Summary and Analysis: Romulus and Remus Founding Mythology and Legends

Camulus (or Camulos) was a theonym for a God of war of the Celts that the Romans identified with Mars (a close equivalent of Greek Ares) by interpretatio romana.

Camulus was a significant God of war of early Great Britain and Gaulish people, most specifically among the Belgae (the Remi Tribe) located around modern day Rheims. 

The wild boar was known to be his symbol. This God of war wielded an invincible sword. Some coins found in Camulodunum revealed this God of war with what appeared to be ram-horns.

Here is one of the better analyses available about Camulus. YouTube Video

In Roman mythology, Camulus was closely associated with Mars. Mars (or in some variations the demi-god hero Hercules) was identified by the Romans with Ares due to the blending between Greek and Roman cultures. Mars was considered the protector/guardian God of Rome and referenced in ancient mythology as the father of Romulus and Remus.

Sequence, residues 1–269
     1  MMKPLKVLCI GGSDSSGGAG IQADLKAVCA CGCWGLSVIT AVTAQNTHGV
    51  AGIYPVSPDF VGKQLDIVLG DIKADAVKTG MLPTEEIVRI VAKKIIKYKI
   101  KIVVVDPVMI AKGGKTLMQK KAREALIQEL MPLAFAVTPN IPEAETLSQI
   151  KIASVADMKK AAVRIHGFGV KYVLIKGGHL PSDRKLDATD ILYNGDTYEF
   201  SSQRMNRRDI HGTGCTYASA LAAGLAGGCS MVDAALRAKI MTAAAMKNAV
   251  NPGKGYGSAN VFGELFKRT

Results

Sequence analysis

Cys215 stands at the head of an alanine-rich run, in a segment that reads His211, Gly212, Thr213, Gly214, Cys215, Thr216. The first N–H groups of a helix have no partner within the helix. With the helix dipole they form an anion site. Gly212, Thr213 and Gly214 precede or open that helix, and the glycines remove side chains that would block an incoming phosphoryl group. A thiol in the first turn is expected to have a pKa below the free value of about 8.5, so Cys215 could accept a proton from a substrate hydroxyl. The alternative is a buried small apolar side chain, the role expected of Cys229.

It was believed by some that the Romans descended from Mars. As the Roman Empire expanded, Mars was equated with Celtic Gods of war such as Camulus.

Mars slightly differed to his Greek counterpart Ares. To the Romans, Mars was a heroic God; while Ares was often depicted as savage, cowardly, unpredictable and held in much less esteem. Mars was often depicted as a warlike God of protection. Ares was one of the 12 Olympians in Ancient Greek mythology.

In an even earlier time that predate the founding mythological story of Romulus and Remus, it was said that the two brothers descended from the Trojan war hero Aeneas.

Ascanius, the son of Aeneas, went on to create and establish the long line of Alban Kings according to the mythology used by Virgil in the Aeneid
After the fall of Troy, a man called Αινείας / Aeneas, flew with followers to that area that is known today’s as Rome. His descendants Romulus and Remus founded Rome.

The term Rome has a Hellenic etymology. Ρώμη (rómi) in Hellenic. Rómi means power, might.

Aeneas flees burning Troy, Federico Barocci, 1598. Galleria Borghese, Rome.